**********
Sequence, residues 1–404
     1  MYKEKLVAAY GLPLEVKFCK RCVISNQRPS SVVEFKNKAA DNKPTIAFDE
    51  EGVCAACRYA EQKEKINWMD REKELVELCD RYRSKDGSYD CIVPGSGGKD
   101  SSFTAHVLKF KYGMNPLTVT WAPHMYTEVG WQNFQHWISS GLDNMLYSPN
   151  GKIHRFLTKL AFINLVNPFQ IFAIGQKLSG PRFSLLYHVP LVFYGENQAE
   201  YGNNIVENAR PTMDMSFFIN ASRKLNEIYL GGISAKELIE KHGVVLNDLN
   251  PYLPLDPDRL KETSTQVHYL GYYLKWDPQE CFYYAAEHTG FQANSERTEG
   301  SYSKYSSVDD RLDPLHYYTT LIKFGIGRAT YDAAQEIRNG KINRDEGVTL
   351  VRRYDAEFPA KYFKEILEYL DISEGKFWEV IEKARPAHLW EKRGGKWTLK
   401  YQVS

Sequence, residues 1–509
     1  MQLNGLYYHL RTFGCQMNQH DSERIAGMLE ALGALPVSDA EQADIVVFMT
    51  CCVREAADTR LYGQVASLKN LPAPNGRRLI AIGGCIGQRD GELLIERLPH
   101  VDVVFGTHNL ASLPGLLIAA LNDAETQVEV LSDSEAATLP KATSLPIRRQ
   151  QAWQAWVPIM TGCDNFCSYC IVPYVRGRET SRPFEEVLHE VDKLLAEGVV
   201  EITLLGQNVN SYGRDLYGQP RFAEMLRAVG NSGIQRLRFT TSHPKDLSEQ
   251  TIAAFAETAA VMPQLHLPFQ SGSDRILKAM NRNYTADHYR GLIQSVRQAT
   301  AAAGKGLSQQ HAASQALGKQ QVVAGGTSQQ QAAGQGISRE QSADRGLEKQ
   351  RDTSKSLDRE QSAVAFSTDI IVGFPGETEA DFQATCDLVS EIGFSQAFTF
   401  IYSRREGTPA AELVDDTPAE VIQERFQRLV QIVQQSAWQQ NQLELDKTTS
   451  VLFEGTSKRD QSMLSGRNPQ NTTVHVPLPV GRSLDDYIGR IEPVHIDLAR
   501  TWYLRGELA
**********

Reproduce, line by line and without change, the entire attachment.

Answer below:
Sequence, residues 1–404
     1  MYKEKLVAAY GLPLEVKFCK RCVISNQRPS SVVEFKNKAA DNKPTIAFDE
    51  EGVCAACRYA EQKEKINWMD REKELVELCD RYRSKDGSYD CIVPGSGGKD
   101  SSFTAHVLKF KYGMNPLTVT WAPHMYTEVG WQNFQHWISS GLDNMLYSPN
   151  GKIHRFLTKL AFINLVNPFQ IFAIGQKLSG PRFSLLYHVP LVFYGENQAE
   201  YGNNIVENAR PTMDMSFFIN ASRKLNEIYL GGISAKELIE KHGVVLNDLN
   251  PYLPLDPDRL KETSTQVHYL GYYLKWDPQE CFYYAAEHTG FQANSERTEG
   301  SYSKYSSVDD RLDPLHYYTT LIKFGIGRAT YDAAQEIRNG KINRDEGVTL
   351  VRRYDAEFPA KYFKEILEYL DISEGKFWEV IEKARPAHLW EKRGGKWTLK
   401  YQVS

Sequence, residues 1–509
     1  MQLNGLYYHL RTFGCQMNQH DSERIAGMLE ALGALPVSDA EQADIVVFMT
    51  CCVREAADTR LYGQVASLKN LPAPNGRRLI AIGGCIGQRD GELLIERLPH
   101  VDVVFGTHNL ASLPGLLIAA LNDAETQVEV LSDSEAATLP KATSLPIRRQ
   151  QAWQAWVPIM TGCDNFCSYC IVPYVRGRET SRPFEEVLHE VDKLLAEGVV
   201  EITLLGQNVN SYGRDLYGQP RFAEMLRAVG NSGIQRLRFT TSHPKDLSEQ
   251  TIAAFAETAA VMPQLHLPFQ SGSDRILKAM NRNYTADHYR GLIQSVRQAT
   301  AAAGKGLSQQ HAASQALGKQ QVVAGGTSQQ QAAGQGISRE QSADRGLEKQ
   351  RDTSKSLDRE QSAVAFSTDI IVGFPGETEA DFQATCDLVS EIGFSQAFTF
   401  IYSRREGTPA AELVDDTPAE VIQERFQRLV QIVQQSAWQQ NQLELDKTTS
   451  VLFEGTSKRD QSMLSGRNPQ NTTVHVPLPV GRSLDDYIGR IEPVHIDLAR
   501  TWYLRGELA